Therapy

Have you ever noticed a scent coming back to you hours or days after you inhaled it, as fresh and as potent as it was? And have you noticed that memories associated with that scent come rushing back as well? And that the same thing happens with objects you may see? Or sounds you may hear? A train whistle fading as it passes, a siren rushing to an emergency? Wind chimes warning of an approaching storm?

My head has been swarming with thoughts and memories, dredged up by sensory overload. I could drown out the noise by focusing on yet another volume of fictional angst and fury that dwarfs my own, as I have been doing the past month, but today I yearn only to bake bread.

There’s something wholly satisfying about proofing yeast, the stringent, heady vapors it produces, blending ingredients, small batches at a time until they form a dough that can be twisted, pounded, and kneaded into a satiny mass, rolled into a greased bowl and left to rise, only to be worked again. And when the dough is ready to bake—having been dressed with beaten egg or butter, its aroma rises from the oven, saturating the air, replacing all the other offending scents and sights and sounds with the knowledge that nourishment and pleasure are in the future, along with the joy of that first warm bite, slathered with honey or butter or nothing.

How sweet to look at that glistening, golden braid, or round, or loaf, and say, I made that. How thoroughly soothing; how incomparably delicious.

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A Humble Offering

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As we all know, another holiday season is upon us, which means an assortment of activities, invitations, and celebrations involving food.

I am not shy about admitting  I’ve had a love-hate relationship with food all my life. Growing up with food allergies was no picnic (sorry, couldn’t resist). Finding out in midlife that I could no longer eat wheat, rye, or barley was both a relief and an inconvenience.  How was I going to eat out? What was I going to do if I was invited to someone’s home for dinner? And on and on.

Oh, I messed up a few times, wound up as a guest in someone’s home looking at a table full of dishes that were forbidden to me, but, gradually, I learned how to survive. Which leads to the following….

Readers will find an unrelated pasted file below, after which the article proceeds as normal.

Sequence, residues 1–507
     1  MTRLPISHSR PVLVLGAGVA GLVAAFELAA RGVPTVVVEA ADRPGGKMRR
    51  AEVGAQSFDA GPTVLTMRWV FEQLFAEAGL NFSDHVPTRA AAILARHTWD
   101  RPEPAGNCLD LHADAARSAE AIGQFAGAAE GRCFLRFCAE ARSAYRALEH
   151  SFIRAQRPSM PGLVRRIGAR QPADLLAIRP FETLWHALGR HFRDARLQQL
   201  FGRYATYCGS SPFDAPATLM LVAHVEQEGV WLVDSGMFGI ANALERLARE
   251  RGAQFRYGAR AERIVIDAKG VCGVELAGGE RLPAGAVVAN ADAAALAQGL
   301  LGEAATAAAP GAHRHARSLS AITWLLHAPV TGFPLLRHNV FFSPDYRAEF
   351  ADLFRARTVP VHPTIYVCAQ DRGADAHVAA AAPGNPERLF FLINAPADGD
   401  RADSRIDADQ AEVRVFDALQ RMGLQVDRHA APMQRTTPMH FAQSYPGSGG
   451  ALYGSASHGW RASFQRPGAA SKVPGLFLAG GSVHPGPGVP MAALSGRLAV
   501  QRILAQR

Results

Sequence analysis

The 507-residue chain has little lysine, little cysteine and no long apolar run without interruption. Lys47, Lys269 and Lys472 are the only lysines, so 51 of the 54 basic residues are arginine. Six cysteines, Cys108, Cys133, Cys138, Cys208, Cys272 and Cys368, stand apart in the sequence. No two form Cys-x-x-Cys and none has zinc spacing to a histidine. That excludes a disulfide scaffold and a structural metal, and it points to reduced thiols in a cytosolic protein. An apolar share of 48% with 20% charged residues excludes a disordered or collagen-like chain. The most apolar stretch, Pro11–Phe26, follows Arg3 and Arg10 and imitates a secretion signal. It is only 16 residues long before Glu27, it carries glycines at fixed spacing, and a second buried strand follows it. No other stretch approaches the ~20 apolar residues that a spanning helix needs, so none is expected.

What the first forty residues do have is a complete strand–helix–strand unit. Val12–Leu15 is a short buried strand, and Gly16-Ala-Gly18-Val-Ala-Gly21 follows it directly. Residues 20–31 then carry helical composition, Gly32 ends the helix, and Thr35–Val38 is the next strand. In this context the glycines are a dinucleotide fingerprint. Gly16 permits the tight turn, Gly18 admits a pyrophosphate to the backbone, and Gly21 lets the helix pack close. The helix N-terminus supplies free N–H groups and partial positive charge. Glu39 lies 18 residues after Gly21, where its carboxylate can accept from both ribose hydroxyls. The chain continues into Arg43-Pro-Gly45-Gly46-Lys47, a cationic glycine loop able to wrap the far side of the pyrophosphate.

If you are on a restricted diet, and are invited to someone’s home for a large sit-down or buffet dinner (buffets are definitely easiest to navigate), please let your hosts know about your restrictions as soon as you receive the invitation and ask if they’ve planned the menu. If they have not, ask if you can contribute one of your favorite dishes to the meal. If they have, offer to bring one or more of the dishes your host wants to serve made to serve your needs (I always offer to bring gluten free baked goods, since they are my specialty). So far, I have not encountered a host or hostess who has balked at help, particularly with a big guest list. If they do balk, even after you’ve explained there are things you can’t eat, ask if they would be terribly insulted if you brought something for yourself. If that idea upsets them, and you still really want to go, then eat beforehand, stuff a protein bar or some other filling snack into your purse or pocket for discreet nibbling between courses, and eat whatever looks safest. (Tip: if your host is preparing a salad, and you’re concerned about the dressing, you can always ask if they would set aside a portion of it for you before they dress and serve it. Most cooks don’t dress their salads until right before they bring it to the table, to avoid wilting, so this is usually a safe request, and will avoid the embarrassment of having to explain why your plate is empty.)

I say all this as one who has done all of the above. I do not expect hosts to cook special dishes for me. I do hope they will allow me to bring complementary dishes I can eat and share, but if they don’t, I come prepared in other ways.

Everyone is stressed during the holidays, and the fact that everyone’s expectations for a greeting-card-perfect holiday season are high just magnifies that stress. If you’re like me, and have special dietary needs, please remember that your hosts are as stressed as you. Being honest and offering them help will go a long way toward alleviating that stress for all of you.

Just a little advice, for what it’s worth.

Have a joyous and blessed holiday season, dear friends.

Peace.

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